In 1988, Kevin Dunay left Notre Dame with a doctoral degree in psychology. This year, he returned to campus with a presidential motorcade.
Dunay, director of the White House Situation Room, accompanied President Obama during his May 17 visit to deliver the University’s commencement address.
It was a surreal experience, Dunay says. As Air Force One passed over campus, he phoned his former professor Dan Lapsley, who is now chair of the Department of Psychology, and arranged to meet. After landing, Dunay savored a brief glimpse of his old campus while the motorcade whisked Obama to the Joyce Center. Dunay met only briefly with Lapsley, then grabbed an impromptu photo with the University’s president, the Rev. John Jenkins, C.S.C., before commencement ceremonies began.
When Obama took the stage, Dunay had seated himself beneath the bleachers, where he scanned intelligence alerts from the White House Situation Room and prepared for the next stop: Indianapolis. “I needed to decide what to hand off to the president and what to hold on to—how bizarre,” he says. “That is what I mean by surreal.”
CIA Work: Many Jobs, One Career
“I chose the public sector and the CIA as I felt that I would be exposed to such a variety of fascinating situations,” Dunay says, “and I have not been let down.” Indeed. Since joining the agency, he has analyzed imagery, worked in personnel security and counter-intelligence, and helped to study and exploit publicly available information, including some culled from terrorist websites. He has traveled extensively and visited major cities around the world. And before coming to the White House, he managed a unit that gleaned intelligence from videos terrorists made.
In January 2008, the CIA assigned Dunay to work with the White House Situation Room team, and he served during the final year of President Bush’s administration before working for President Obama.
“Our role is to provide situational awareness intelligence updates to the president and the rest of the White House senior staff on a regular basis, regardless of their location—a 24-7 operation,” he says. “Basically, we let the president know what he needs to know. In my capacity as director of the White House Situation Room, I also have traveled domestically with the president to advise him on national security matters on behalf of General James Jones, his National Security Advisor. So in this capacity, I shadow his movements and either pass information or brief him—providing the continuous situational awareness, which is why I never leave the bubble.’”
Taking the 3 A.M. Phone Call
Living and working in the bubble may be exciting, but it also carries its share of headaches. Most jobs allow for time off to unplug from the daily grind, but the duties Dunay and his colleagues share don’t afford them the luxury of a typical work-life balance.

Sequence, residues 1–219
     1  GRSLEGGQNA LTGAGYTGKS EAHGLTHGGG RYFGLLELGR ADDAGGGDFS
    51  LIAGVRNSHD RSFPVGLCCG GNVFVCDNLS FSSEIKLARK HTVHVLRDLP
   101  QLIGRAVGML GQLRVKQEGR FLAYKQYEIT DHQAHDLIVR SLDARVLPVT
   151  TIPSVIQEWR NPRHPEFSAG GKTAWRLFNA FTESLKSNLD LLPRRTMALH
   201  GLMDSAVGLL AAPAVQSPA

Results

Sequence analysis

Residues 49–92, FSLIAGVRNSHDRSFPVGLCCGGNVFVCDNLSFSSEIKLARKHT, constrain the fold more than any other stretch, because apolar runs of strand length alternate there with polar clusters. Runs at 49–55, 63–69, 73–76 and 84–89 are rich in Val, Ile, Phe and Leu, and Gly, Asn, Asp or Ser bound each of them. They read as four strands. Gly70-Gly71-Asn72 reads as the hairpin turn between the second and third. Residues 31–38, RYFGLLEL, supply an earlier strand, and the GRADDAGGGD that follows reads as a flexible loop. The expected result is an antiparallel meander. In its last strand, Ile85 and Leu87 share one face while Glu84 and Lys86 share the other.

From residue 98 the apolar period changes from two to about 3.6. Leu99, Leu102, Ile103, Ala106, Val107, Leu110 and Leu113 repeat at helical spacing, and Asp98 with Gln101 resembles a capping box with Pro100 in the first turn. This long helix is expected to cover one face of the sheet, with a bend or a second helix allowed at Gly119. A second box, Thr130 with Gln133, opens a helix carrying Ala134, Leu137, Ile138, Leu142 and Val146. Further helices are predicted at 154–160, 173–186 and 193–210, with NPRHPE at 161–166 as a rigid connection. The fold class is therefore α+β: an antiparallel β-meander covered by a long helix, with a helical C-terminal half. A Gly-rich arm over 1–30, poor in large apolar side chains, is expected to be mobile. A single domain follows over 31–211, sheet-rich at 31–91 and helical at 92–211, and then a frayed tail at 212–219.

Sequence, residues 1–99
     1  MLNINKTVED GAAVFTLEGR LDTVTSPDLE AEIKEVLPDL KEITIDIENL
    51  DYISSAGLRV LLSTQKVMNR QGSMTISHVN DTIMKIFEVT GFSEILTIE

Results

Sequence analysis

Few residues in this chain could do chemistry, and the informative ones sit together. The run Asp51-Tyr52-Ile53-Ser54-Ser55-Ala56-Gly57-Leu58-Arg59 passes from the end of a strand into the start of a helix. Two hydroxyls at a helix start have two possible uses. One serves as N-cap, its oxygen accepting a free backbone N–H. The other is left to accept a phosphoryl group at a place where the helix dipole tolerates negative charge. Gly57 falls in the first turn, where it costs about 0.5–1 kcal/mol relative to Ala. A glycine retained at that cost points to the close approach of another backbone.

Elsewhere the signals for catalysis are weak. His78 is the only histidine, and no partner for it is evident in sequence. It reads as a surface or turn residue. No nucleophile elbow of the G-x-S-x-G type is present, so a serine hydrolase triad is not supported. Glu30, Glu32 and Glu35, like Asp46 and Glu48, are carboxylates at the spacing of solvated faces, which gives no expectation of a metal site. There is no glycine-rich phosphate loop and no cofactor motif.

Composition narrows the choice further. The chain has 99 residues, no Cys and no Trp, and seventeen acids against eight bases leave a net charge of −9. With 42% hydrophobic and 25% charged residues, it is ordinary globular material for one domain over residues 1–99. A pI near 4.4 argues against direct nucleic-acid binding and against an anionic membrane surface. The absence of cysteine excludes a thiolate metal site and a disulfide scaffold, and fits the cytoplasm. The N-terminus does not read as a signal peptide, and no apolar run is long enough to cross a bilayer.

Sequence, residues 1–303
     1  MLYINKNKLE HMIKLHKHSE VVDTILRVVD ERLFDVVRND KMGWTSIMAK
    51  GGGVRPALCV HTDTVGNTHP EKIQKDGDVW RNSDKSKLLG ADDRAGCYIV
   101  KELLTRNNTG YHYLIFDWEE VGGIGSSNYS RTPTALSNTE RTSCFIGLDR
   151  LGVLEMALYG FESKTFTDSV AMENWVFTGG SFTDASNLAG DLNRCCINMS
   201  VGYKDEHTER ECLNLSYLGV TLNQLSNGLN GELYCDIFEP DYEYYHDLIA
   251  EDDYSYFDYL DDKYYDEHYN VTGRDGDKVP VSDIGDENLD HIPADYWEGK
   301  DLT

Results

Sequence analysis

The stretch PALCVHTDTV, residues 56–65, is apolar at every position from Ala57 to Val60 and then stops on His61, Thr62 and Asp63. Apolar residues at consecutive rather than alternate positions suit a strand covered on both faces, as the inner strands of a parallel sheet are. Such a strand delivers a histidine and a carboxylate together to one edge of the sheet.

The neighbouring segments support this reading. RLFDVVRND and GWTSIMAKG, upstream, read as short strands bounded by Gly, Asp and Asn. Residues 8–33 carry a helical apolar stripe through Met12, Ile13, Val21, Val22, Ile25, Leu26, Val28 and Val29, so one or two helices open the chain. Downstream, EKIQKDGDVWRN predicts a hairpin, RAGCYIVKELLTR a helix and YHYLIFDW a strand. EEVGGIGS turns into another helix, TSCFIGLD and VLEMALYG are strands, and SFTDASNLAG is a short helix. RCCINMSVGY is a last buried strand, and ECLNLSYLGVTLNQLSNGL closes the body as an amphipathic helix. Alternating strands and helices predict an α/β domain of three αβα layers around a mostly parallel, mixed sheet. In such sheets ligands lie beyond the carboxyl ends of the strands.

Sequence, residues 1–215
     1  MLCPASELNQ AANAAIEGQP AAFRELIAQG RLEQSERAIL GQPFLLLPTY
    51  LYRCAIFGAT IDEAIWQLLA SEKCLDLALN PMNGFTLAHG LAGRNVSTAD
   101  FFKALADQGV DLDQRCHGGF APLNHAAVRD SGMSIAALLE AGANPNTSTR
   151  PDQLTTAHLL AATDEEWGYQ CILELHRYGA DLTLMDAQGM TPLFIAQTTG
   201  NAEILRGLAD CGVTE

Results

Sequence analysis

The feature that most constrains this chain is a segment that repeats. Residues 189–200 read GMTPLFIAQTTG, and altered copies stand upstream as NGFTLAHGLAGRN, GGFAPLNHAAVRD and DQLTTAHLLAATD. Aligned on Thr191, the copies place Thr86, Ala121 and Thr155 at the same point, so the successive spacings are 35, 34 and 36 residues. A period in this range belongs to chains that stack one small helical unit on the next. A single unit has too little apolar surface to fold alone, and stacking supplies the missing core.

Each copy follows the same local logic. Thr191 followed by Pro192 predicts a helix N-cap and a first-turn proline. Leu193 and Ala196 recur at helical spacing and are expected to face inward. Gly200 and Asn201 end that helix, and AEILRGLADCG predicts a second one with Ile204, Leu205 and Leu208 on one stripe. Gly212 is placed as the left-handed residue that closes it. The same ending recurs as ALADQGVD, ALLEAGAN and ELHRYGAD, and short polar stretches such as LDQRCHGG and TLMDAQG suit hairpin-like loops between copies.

“Those of us who work in the West Wing somewhat let go of any normal personal or family life. It is a conscious decision we all make,” he says. “The major challenge we have is that we really have no down time in this job. We are always on.’ The operational tempo does not really respect weekends or holidays. Those are just other days in the week that we work. Even when I am not in the West Wing, I am always connected via secure communication devices, even in my house. So the job constantly follows me. I get woken up a lot at night on a regular basis, sometimes twice, even three times.”
The most nerve-wracking aspect of the job for Dunay is taking a late-night or early-morning phone call about a developing situation.
“We have to determine who we alert as to the breaking event—basically what important people do we wake up?” he says. “It is a tough situation as we do not want to wake folks up if they should not be, but we also do not want folks to be surprised. So I go over the information and make the best decision I can, and then go lay back in bed. I never fall back to sleep. I just lay there hoping I made the right decision.”
Even when he arrived for Notre Dame’s commencement, Dunay wasn’t able to indulge in the nostalgic sightseeing that alumni typically enjoy. “I so much wanted to take a walk around campus, but that could not happen as I could not leave the bubble,” he says. The walk would have to wait.
Finding Humor in Football
Although Dunay’s job carries grave responsibilities, it is not without its lighter moments, many of them involving his alma mater’s gridiron prowess. For instance, he couldn’t escape the Notre Dame football jokes even when he was en route for commencement. “I was teased a lot in the West Wing prior to the trip,” he says, “and on Air Force One before we landed.”
Dunay takes the teasing in stride—he’s used to it by now. “I rather proudly have worn a Notre Dame lanyard with my White House badge since I arrived at the West Wing in 2008,” he says. “This has been tough during football season.”